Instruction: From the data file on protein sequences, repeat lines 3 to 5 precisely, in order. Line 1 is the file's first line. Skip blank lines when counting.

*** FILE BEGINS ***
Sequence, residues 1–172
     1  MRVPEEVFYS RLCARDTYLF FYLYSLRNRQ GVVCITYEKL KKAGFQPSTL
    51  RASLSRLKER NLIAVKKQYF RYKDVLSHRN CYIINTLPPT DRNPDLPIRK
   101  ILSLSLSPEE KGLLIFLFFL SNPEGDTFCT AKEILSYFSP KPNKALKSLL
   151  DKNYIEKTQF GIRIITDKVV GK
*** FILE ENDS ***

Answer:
    51  RASLSRLKER NLIAVKKQYF RYKDVLSHRN CYIINTLPPT DRNPDLPIRK
   101  ILSLSLSPEE KGLLIFLFFL SNPEGDTFCT AKEILSYFSP KPNKALKSLL
   151  DKNYIEKTQF GIRIITDKVV GK